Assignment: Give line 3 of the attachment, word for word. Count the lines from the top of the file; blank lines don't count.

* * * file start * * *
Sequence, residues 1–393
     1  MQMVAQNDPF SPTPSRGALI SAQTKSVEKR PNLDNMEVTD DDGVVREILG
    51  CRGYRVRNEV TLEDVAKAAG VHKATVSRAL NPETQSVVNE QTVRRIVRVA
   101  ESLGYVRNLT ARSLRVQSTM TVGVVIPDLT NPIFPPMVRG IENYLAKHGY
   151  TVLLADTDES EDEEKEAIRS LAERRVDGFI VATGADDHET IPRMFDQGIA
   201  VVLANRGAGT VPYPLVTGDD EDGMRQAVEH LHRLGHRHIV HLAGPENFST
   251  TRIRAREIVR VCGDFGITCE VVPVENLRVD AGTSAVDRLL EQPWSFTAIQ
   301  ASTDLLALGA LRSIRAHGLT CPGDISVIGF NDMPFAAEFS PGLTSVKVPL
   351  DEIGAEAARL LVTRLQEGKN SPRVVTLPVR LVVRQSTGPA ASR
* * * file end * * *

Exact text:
    51  CRGYRVRNEV TLEDVAKAAG VHKATVSRAL NPETQSVVNE QTVRRIVRVA